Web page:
Our bodies matter. Christians today sometimes forget this, dangerously ignoring the importance of their physical selves when it comes to technology, sexuality, worship, and even death. Anderson’s book will help readers learn what the Bible says about our bodies and grow to appreciate the importance of embodiment in our spiritual lives. It will also explore generational differences when it comes to how we perceive and use our bodies. Just as Christ’s body was crucial to our salvation, our own bodies are an important part of the complete Christian life.
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What does Christianity have to say about the body? Much more than you might think. Matthew Lee Anderson—one of evangelicalism’s brightest young writers—is a serious student of God’s Word and God’s world, and in this book he patiently and insightfully explores a theology of the body from numerous angles. Rightly seeing the body as a gift from God for our good and his glory, Anderson insightfully shows us what a biblical worldview has to say about the body in relationship to community, pleasure, sex, sexuality, tattoos, death, prayer, and the church. Anderson’s arguments deserve careful consideration. I suspect that many of us will think differently—and more biblically—about the body as a result of this very fine work.
Managing Editor, ESV Study Bible; blogger, “Between Two Worlds”
We evangelicals don’t think we care about the body, but we really, really do. And Matthew Anderson—one of the brightest lights in the evangelical world—helps us care, ponder, think and pray more wisely as we give our bodies as a living sacrifice to Christ.
Senior Managing Editor, Christianity Today
Earthen Vessels is a turning point in the evangelical conversation about the meaning of bodies. If you didn’t even know such a conversation was going on, you are lucky to have Matthew Anderson introducing you to it. If you’ve already been listening in and are as confused as the rest of us, you’ll appreciate the way this book sorts things out, settles accounts, debunks myths, digs for sources, raises neglected issues, and points out the way forward. On nearly every page you can find two virtues rarely combined: surprising new insights and good old common sense. Here is good counsel (solid, soulful, scriptural) about how to be humans, in bodies, under the gospel.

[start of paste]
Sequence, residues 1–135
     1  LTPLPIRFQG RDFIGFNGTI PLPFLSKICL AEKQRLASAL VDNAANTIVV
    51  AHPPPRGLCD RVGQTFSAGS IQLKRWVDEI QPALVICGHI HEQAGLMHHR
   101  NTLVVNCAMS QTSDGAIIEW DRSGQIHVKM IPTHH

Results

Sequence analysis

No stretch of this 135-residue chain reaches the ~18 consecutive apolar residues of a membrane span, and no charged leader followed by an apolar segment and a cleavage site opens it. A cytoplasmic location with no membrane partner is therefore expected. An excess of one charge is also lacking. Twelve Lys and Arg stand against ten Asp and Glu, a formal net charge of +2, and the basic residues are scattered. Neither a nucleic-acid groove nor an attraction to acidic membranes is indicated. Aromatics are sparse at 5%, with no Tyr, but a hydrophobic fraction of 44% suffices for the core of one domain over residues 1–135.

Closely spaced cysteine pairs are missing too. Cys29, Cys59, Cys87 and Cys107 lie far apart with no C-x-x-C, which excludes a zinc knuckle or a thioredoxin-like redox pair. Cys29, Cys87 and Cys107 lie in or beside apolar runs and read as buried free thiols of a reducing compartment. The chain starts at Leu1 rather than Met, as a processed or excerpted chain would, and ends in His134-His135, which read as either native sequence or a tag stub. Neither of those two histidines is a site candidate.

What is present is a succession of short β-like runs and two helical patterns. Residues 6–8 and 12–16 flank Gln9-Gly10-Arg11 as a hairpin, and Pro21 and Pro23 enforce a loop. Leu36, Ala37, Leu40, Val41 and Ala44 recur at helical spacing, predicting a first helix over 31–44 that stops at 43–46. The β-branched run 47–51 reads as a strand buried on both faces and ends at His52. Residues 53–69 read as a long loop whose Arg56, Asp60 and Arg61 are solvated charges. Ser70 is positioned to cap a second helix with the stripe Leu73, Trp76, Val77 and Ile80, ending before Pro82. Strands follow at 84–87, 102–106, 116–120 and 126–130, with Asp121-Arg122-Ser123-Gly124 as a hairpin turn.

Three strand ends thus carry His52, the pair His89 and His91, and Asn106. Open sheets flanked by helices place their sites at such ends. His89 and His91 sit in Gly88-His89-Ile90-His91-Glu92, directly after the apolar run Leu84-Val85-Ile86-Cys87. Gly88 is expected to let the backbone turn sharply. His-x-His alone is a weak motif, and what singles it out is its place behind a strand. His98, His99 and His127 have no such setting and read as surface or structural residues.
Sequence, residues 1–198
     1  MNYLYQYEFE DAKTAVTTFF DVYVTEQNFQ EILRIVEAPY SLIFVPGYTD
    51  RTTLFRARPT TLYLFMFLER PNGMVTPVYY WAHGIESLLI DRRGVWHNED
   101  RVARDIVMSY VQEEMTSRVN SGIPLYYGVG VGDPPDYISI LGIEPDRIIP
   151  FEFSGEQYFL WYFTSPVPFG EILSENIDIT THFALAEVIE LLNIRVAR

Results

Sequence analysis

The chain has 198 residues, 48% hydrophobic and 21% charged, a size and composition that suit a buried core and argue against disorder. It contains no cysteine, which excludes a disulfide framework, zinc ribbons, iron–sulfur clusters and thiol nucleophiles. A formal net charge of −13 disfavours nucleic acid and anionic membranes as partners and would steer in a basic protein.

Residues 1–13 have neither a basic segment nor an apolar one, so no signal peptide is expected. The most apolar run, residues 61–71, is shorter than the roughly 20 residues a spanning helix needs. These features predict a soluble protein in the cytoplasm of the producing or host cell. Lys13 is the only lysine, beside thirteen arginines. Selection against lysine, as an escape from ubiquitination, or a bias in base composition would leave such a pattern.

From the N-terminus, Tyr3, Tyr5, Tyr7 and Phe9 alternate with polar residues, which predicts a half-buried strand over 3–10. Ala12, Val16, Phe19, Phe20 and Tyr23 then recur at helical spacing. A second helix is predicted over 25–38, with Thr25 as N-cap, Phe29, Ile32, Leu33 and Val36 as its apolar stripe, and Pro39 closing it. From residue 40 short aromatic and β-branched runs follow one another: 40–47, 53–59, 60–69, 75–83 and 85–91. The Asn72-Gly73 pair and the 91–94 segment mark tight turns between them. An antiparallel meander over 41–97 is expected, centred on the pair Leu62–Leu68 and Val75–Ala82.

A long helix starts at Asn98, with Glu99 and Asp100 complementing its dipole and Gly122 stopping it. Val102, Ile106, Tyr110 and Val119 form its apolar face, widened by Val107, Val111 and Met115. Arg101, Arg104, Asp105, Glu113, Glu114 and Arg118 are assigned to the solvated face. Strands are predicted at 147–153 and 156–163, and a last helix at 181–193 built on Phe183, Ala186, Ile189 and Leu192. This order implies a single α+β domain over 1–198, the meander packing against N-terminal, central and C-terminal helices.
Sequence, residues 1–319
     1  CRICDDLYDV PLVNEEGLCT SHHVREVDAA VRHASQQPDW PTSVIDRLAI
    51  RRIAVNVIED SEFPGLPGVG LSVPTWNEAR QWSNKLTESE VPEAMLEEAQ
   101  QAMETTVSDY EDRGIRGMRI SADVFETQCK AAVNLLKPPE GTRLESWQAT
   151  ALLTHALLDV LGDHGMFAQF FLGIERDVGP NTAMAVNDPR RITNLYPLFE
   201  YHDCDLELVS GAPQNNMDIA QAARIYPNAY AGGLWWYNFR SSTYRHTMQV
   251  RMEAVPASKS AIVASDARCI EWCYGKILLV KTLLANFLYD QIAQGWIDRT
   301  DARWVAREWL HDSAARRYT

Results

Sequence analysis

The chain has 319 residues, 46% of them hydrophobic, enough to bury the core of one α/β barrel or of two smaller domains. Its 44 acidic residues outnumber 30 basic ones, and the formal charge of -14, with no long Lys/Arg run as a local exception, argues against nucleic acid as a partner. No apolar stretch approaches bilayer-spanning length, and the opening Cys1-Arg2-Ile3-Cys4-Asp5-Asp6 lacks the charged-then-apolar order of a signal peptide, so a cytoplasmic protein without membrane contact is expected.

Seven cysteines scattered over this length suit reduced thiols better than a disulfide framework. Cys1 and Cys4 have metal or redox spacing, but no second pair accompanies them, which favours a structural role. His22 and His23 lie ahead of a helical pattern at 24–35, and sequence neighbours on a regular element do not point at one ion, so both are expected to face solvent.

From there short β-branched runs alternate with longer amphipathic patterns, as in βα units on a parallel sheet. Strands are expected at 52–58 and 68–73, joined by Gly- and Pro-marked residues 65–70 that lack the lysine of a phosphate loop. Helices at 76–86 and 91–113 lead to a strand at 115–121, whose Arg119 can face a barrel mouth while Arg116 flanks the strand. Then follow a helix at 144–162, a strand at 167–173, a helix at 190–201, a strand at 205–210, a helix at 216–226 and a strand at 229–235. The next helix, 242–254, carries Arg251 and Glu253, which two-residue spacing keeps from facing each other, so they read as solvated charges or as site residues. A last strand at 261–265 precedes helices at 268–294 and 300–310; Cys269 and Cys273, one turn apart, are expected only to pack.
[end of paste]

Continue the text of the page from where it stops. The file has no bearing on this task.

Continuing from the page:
Associate Professor of Theology, Torrey Honors Institute, Biola University
Tattoos, cremation, abortion, gay sex, yoga, online church: No subject is off limits in Matthew Anderson’s provocative book on the body. Anderson challenges us to deepen our understanding of what it means to be embodied. When it comes to body matters, the body matters. Though few will agree with all of Anderson’s diagnosis and prescription, all who read this book will be challenged to consider how our views of the body line up with (or depart from) Scripture and Christian theology. This is a highly ambitious project that deserves careful consideration.